A new study reports that about 19.6 million people in China could be exposed to arsenic-contaminated drinking water, thus increasing their risk for arsenic-related diseases such as cancer and heart disease.
Researchers from Switzerland and China reviewed geological maps of the country, which provided them with information about climate, land use, rivers, and elevation. With this data, the researchers found types of rocks that are present in the land and were able to point out areas where arsenic is most likely to be found. In order to complete a full and accurate test, however, researchers will need to test nearly 10 million drinking wells throughout China, which could take decades.
Since the 1960s, China has had a problem with both arsenic- and fluoride-contaminated drinking water. Arsenic-contaminated water has been an issue in several parts of the globe, particularly in Bangladesh, where the World Health Organization (WHO) has labeled it as a “public health emergency.”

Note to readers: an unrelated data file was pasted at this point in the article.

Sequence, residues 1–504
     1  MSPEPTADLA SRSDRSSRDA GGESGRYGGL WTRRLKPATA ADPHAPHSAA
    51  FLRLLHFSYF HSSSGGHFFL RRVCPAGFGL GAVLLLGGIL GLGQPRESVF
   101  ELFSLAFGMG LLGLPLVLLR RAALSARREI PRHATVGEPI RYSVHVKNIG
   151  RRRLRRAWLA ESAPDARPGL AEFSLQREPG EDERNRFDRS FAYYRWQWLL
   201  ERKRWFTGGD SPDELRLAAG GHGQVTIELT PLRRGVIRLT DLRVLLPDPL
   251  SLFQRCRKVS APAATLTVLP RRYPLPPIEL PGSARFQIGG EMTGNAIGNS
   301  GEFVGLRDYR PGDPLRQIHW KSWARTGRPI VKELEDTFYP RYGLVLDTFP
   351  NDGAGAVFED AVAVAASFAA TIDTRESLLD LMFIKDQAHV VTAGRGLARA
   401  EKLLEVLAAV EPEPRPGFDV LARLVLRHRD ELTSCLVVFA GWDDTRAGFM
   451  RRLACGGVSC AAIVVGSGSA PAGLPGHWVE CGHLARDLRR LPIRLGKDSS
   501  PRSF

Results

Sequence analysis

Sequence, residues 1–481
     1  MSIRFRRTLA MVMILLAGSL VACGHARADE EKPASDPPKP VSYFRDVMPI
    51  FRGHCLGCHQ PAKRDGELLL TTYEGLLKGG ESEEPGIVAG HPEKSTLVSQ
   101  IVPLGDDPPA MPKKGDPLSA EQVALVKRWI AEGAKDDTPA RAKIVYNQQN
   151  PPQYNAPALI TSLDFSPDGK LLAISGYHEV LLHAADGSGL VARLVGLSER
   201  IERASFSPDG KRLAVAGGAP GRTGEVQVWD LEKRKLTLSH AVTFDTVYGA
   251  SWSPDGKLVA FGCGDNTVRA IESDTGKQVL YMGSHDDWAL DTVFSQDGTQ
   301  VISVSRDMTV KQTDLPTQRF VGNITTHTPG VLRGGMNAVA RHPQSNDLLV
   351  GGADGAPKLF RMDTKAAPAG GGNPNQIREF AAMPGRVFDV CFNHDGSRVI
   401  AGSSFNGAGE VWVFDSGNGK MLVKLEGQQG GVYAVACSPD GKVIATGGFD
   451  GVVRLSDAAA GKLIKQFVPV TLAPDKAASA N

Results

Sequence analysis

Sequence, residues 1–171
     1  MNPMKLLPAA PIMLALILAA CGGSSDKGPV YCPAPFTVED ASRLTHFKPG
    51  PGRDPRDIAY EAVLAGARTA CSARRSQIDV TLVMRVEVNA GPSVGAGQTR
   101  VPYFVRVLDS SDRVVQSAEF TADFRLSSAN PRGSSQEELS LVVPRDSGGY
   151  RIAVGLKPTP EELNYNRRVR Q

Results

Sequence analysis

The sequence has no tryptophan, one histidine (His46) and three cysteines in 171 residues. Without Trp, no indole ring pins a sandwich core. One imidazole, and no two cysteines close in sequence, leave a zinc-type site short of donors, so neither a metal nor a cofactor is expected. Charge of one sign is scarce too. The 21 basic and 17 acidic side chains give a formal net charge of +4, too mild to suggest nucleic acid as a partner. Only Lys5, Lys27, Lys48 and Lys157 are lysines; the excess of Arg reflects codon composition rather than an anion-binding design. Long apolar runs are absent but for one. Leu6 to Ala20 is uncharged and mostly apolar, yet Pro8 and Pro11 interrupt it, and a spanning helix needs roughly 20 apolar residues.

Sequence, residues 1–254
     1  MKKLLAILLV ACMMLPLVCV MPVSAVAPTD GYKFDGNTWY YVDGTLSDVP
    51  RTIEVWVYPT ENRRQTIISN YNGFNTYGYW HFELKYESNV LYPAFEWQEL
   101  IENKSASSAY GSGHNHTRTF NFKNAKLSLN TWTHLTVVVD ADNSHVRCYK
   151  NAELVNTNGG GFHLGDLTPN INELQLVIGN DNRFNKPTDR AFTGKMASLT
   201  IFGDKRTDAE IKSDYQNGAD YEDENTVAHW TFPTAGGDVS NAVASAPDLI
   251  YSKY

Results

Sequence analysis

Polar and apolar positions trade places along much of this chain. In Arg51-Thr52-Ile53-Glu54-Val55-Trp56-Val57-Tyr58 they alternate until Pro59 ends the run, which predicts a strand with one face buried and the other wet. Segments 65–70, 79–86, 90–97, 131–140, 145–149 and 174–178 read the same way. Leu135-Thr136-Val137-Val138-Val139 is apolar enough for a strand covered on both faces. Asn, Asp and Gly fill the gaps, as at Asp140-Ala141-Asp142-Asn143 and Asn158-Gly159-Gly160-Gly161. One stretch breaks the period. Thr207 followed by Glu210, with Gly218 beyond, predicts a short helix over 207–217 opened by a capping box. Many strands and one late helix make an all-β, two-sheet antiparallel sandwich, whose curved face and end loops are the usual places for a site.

Consuming drinking water adulterated with arsenic could lead to neurological disorders, diabetes, and cancer, while excessive fluoride may be associated with arthritis and tooth loss.
Arsenic is a metallic element that is naturally present in the Earth’s crust. However, if it comes into contact with groundwater and drinking water, usually by flowing through arsenic-rich rocks, it can lead to arsenic poisoning and other chronic health issues. In a report detailing the exposure and health effects of drinking arsenic-contaminated water, the UN noted that initial short-term effects of acute arsenic poisoning would start out with a metallic taste, burning lips, and violent vomiting — followed by multi-organ failures and death.
Long-term exposure to lower levels of arsenic, meanwhile, has been associated with cardiovascular disease, as well as skin problems like pigmentation changes and skin cancers.
The study attempted to measure the number of people with the risk of drinking arsenic-contaminated water by using the threshold of 10 micrograms per liter, which is the WHO guideline and the current Chinese standard for drinking water.
"What it is very important to do is to go to the areas that are hotspots and screen those first. The chances are you will find more contaminated wells than wells that are not contaminated," noted Dr. Annette Johnson, from the Swiss Federal Institute of Aquatic Science and Technology and co-author of the study.